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Whitehall Through the Looking Glass

Author: Henry Tam

Reviewer: Simon Duffy

Henry Tam has done something very difficult and done it very well. He has managed to write an enjoyable page-turner and to provide a clear-headed critique of politics in modern Britain. His book describes how the British Government continues on its current journey to a system where the interests of the powerful, the rich and the corporate have taken complete control of all political life.

I won’t spoil the plot by revealing anything of the story; but at its centre is our civil service - Whitehall. In fact I am not sure that anyone familiar with Whitehall would find the story remotely absurd or fanciful. It largely describes Britain as it already is, not as it will be:

  • The welfare state is being dismantled with different levels of welfare available to people on different incomes.
  • Everything is being privatised, regulations are removed and human rights are deemed unnecessary.
  • People are encouraged to believe that freedom from the state is the key to economic success and that those who suffer must deserve to fail.
  • Lotteries, royal weddings, football and celebrity television all serve to distract people from the real issues that affect their lives.

At the centre of all these changes is the civil servant - an intelligent and caring person - who is asked to provide the all the necessary policies, justifications, explanations, or whatever else is necessary to meet the needs of politicians, who themselves are utterly reliant on corporate interests. And, such is the nature of the civil service, this is exactly what they do. It is the honourable civil service who oversee the erosion of justice and good government.

Meanwhile politics and business focus on one thing - managing public opinion. Giving people what they want or changing people’s views to make sure they want what the powerful want them to want. There is no science fiction here - we are already on the other side of the looking glass.

Reading this book reminded me of other important books that explore possible dystopian futures. In particular I was reminded of 1984 and Brave New World and of correspondence between Huxley and Orwell. In a letter to Orwell, Aldous Huxley makes the following point:

My own belief is that the ruling oligarchy will find less arduous and wasteful ways of governing and of satisfying its lust for power, and these ways will resemble those which I described in Brave New World… Within the next generation I believe that the world's rulers will discover that infant conditioning and narco-hypnosis are more efficient, as instruments of government, than clubs and prisons, and that the lust for power can be just as completely satisfied by suggesting people into loving their servitude as by flogging and kicking them into obedience… The change will be brought about as a result of a felt need for increased efficiency.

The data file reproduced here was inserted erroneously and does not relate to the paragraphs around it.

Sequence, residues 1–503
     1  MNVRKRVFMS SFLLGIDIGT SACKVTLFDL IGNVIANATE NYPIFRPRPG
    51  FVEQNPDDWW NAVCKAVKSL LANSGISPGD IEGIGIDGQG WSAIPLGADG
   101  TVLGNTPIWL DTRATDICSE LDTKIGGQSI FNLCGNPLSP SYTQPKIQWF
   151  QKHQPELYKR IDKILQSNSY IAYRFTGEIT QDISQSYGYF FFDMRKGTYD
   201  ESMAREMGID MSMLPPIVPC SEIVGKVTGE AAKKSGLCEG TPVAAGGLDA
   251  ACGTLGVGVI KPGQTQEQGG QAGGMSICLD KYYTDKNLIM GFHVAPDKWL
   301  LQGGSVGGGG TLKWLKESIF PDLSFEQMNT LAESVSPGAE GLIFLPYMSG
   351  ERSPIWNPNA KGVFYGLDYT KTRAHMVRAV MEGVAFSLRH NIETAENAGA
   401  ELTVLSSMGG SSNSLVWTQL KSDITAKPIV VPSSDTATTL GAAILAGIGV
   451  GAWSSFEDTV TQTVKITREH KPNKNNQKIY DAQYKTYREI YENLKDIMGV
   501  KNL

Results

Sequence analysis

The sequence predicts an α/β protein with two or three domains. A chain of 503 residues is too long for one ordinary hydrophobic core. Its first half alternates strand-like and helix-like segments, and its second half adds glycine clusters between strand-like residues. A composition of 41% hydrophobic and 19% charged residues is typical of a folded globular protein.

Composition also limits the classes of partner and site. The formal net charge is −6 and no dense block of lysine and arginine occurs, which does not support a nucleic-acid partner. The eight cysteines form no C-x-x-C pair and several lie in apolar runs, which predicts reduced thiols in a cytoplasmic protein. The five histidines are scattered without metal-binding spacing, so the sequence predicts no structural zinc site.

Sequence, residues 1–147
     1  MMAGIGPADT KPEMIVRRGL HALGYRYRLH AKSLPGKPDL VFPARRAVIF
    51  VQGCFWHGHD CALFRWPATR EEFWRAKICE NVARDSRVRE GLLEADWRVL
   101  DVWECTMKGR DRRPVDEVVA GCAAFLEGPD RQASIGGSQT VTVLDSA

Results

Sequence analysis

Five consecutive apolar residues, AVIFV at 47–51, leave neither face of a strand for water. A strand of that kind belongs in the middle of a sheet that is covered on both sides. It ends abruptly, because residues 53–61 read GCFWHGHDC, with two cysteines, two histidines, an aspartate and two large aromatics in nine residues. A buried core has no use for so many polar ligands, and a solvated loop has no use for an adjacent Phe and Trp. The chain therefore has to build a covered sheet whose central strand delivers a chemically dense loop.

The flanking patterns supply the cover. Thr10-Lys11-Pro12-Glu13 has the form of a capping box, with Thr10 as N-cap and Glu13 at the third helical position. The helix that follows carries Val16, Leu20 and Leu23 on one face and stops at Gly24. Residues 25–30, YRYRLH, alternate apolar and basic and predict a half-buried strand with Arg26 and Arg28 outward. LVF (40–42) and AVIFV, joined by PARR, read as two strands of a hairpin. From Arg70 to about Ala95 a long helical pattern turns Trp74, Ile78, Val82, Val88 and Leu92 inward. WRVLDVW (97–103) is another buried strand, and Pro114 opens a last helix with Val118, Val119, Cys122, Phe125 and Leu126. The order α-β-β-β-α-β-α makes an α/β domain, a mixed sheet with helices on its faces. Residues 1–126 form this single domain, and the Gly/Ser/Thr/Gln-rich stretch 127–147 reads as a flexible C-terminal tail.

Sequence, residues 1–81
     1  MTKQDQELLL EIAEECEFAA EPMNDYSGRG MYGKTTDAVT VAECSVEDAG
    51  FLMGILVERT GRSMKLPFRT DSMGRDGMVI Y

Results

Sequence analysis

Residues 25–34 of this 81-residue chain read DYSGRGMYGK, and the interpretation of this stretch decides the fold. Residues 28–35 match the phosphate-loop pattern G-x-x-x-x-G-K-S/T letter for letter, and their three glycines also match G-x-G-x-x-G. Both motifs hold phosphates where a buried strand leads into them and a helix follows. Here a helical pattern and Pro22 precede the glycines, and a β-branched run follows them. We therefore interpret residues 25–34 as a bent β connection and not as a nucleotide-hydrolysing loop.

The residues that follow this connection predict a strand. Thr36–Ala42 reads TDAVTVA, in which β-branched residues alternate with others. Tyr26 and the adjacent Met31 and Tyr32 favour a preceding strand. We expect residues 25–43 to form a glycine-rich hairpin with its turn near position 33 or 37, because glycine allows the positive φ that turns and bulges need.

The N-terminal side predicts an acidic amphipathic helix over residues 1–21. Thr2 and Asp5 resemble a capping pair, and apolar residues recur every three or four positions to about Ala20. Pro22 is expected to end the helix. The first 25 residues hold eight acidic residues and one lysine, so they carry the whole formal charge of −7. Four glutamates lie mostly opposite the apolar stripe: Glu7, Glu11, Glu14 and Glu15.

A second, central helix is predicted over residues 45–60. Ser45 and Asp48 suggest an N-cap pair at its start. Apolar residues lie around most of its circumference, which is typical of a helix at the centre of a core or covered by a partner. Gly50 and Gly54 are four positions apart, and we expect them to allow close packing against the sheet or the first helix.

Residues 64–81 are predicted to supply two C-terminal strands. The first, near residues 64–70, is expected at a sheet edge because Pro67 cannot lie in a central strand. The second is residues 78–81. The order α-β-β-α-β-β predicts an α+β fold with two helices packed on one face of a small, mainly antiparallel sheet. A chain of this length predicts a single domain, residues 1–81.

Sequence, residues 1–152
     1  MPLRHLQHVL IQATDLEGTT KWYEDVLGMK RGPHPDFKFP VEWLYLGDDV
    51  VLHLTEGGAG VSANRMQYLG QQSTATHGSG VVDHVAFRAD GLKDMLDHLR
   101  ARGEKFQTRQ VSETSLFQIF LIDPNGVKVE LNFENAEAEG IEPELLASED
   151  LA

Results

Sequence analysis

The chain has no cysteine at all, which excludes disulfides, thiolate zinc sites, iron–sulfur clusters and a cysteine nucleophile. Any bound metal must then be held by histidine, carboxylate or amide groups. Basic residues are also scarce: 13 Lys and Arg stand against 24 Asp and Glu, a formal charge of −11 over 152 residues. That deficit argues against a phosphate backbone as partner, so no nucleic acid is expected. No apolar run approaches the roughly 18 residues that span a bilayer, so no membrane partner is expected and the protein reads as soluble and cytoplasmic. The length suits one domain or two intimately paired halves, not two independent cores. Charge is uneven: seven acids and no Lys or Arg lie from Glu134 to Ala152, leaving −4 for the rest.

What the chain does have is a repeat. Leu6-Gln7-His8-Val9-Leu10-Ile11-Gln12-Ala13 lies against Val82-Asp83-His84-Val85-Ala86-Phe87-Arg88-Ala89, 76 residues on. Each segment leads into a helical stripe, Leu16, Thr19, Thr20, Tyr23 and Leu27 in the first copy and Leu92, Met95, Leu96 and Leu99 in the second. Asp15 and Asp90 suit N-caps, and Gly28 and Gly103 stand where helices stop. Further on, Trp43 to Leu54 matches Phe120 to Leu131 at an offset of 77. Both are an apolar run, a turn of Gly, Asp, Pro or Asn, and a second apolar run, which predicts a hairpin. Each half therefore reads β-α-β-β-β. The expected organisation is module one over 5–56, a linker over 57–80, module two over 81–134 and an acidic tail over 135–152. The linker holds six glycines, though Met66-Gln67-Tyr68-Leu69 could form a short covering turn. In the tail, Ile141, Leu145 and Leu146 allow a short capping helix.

Modern politics may not have managed infant conditioning or narco-hypnosis, but as Tam suggests, it is increasingly focused on understanding how to pander to the needs and prejudices of swing voters in order to sustain its power. Anyone examining modern housing policy and the on-going efforts to maintain the absurd house price bubble must recognise that modern politics has lost its way. We do not live in a democracy, we live in an elitist medianocracy - where the votes of the swing-voter matter most.

In the light of the novel’s realism about politics it is interesting that the civil servant is the hero. Tam explores the pressures which make the civil servant (who continues to be an essential part of the system) fully compliant. Of course this is partly because the civil service retains its inherited sense of obligation to objectively serve the country’s elected representatives. But this conservative stance is reinforced by:

  • Better pay and security than most - the civil service still has the highest median salary of any group
  • The lure of further riches if one leaves to join the corporate sector - game-keeper turned poacher
  • The pleasure of being at the centre of power - the glamour of being near the powerful
  • The enjoyment of the civil service’s own Machiavellian intrigues - being top-dog

It takes a long time for the novel’s hero to wake up to his wider responsibilities to the British public, even when he can see that the civil service’s own privileged status is being undermined all around him.

My hope is that, if there are any book clubs within the civil service, this book will go on their reading lists. I would love to be a fly on the wall as civil servants debated it. I would like to know what line a modern civil servant will not cross. Can they continue to accept our current unacceptable decline in justice, objectivity and common-sense or will some of them start to ask some fundamental questions about what they are not prepared to do?


The publisher is QTP.

Whitehall Through the Looking Glass © Henry Tam 2014.

Review: Whitehall Through the Looking Glass © Simon Duffy 2014.

All Rights Reserved. No part of this paper may be reproduced in any form without permission from the publisher except for the quotation of brief passages in reviews.